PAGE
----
Email of the day (3)
"In recent months, both you and Eoin have emphasized the merits of large, trans national, consumer orientated companies yielding currently attractive and, for the foreseeable future, sustainable dividends. This makes sense. During the same period, you have been non- committal on resources including precious metals, except that, in the case of precious metals, you remain of the view that the ultimate highs for gold probably have not yet been seen.
"Until the current round of grave uncertainty in financial markets, the prime themes of Fuller Money were the multi decade resource super-cycle and developing, or growth, economies.
"Recently both resource stocks and Chindia have taken heavy hits. My question is this: now that China appears to be realigning its focus to increase domestic consumption and with India likely to remain an unpredictable investor in infrastructure developments, can we still believe in the resource super cycle or may that have topped out in 2008 when prices of stocks such as Rio and BHP peaked?
"I find it quite hard to assess. The slowdown in global economic activity acts as a deterrent to Infrastructure which may prove temporary. On the other hand, China has been busy securing sources of production and stockpiling resources, presumably with the aim of moderating prices and avoiding being held to ransom by the major miners. There is also the question of increased resource nationalism - what impact might that have, if any?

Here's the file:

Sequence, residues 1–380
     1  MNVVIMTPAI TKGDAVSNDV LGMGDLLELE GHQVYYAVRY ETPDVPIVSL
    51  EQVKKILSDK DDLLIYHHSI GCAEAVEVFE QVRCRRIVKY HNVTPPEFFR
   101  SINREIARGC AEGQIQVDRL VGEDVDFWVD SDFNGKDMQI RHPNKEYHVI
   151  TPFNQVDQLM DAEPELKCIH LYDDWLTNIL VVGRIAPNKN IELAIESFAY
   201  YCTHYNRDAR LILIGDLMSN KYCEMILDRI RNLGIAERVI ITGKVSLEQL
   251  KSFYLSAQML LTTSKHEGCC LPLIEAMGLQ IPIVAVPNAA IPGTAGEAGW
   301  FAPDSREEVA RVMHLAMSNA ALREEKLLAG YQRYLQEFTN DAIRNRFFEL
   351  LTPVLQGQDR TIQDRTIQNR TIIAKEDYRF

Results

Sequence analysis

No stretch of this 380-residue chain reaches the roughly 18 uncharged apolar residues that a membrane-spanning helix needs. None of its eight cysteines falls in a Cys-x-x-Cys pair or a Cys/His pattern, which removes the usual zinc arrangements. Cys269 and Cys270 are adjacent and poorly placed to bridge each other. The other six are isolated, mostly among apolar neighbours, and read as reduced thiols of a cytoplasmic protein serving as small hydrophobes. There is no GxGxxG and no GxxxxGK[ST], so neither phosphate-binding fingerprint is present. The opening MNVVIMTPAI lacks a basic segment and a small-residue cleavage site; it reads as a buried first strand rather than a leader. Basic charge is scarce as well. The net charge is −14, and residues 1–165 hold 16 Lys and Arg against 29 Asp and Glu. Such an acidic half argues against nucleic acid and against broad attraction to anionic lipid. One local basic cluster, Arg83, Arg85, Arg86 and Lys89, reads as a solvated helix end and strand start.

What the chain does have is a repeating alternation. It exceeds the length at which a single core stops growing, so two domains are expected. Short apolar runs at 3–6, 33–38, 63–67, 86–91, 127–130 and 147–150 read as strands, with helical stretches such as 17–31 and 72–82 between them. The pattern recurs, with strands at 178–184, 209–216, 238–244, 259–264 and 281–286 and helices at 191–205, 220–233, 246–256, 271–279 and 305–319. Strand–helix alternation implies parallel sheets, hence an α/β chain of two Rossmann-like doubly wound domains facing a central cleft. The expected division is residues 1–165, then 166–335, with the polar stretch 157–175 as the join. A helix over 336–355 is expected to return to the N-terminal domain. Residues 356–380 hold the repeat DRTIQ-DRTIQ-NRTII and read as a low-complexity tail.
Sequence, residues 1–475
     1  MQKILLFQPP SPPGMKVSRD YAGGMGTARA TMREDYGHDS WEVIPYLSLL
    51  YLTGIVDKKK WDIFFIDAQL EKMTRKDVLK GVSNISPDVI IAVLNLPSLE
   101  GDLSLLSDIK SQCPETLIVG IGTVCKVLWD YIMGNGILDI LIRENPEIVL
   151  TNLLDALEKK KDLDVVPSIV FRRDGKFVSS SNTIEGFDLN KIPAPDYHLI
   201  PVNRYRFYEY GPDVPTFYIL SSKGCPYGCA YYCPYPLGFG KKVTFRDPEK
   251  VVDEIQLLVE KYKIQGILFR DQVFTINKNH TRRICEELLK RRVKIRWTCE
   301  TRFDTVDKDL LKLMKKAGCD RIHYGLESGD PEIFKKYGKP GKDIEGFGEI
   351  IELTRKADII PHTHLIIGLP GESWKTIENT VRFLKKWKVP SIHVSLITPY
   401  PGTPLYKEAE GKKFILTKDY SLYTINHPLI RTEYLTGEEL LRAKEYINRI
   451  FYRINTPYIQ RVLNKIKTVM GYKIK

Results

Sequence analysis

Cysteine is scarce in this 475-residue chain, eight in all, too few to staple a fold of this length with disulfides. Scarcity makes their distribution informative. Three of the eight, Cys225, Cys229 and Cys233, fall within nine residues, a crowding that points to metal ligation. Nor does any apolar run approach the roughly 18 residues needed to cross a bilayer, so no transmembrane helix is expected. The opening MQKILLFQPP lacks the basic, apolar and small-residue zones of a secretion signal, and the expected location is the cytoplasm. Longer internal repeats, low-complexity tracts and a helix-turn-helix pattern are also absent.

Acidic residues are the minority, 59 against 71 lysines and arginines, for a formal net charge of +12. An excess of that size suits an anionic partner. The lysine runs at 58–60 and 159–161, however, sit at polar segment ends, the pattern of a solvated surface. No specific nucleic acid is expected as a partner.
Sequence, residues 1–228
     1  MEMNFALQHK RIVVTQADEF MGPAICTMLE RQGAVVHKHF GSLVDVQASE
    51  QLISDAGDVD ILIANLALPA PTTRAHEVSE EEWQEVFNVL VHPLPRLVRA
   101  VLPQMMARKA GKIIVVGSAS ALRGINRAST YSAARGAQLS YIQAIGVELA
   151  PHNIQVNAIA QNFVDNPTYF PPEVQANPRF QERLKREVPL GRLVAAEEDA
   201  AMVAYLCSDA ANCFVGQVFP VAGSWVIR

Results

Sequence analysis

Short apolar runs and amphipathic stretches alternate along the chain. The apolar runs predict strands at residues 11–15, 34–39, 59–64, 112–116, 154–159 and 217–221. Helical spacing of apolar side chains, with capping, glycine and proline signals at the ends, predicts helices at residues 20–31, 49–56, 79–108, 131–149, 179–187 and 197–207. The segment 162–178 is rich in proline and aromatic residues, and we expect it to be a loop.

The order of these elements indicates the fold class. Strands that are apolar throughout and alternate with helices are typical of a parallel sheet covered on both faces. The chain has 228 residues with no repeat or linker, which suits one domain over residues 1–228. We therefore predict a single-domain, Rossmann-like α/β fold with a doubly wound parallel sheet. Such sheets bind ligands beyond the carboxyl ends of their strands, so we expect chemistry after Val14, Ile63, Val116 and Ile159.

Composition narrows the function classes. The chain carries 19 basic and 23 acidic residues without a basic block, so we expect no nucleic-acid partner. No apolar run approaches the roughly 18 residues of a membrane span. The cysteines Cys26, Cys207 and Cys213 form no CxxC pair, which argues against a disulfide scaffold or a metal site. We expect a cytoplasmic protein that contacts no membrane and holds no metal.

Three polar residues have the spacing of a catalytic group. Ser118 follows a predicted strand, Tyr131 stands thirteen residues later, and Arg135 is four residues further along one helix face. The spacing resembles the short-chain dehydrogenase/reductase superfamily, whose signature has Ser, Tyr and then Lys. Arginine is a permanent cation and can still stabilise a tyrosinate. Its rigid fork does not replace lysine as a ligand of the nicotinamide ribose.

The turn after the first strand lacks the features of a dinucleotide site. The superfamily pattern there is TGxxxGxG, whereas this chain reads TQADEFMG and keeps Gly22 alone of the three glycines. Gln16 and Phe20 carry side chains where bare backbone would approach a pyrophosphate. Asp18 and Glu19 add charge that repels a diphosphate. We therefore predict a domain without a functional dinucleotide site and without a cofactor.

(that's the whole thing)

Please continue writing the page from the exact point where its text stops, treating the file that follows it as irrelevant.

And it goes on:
"I seem to remember that BHP (and RIO?) featured fairly high in your top 10 holdings. With an increasing number of analysts suggesting the resource super cycle is over, I wonder how you see it? On balance, I'm inclined to think we may have seen the ultimate highs for the big integrated miners but I'm not so convinced as to be a seller. The usual disease of investment paralysis."
David Fuller's view Thanks for your questions and summaries.
You may recall one of my reoccurring sayings: You and I can only deal with the reality that markets provide. Thus Fullermoney's preference for and emphasis on Autonomies and Dividend Aristocrats over the last year.
I maintain that it is too soon to conclude that the commodity supercycle is over although it was always likely to be interrupted by a synchronised global economic slowdown, such as we continue to experience. Performance among individual commodities will vary considerably, as you know, but I would not be surprised to see widespread rises among industrial resources when the next global economic expansion occurs. We are still waiting for clear technical evidence that precious metals have bottomed and commenced another significant advance. BHP and Rio remain in my personal long-term investment portfolio and my most recent comment on them was last Wednesday. I consider them to be cyclical Autonomies with world-class portfolios.
Many countries would benefit from infrastructure improvement, from India to the USA, but it is easier to undertake these projects when GDP growth is strong. China takes a long-term view and competition for resources remains a driver of the supercycle, in my view. Resource nationalism often flares up when prices for these materials are strong.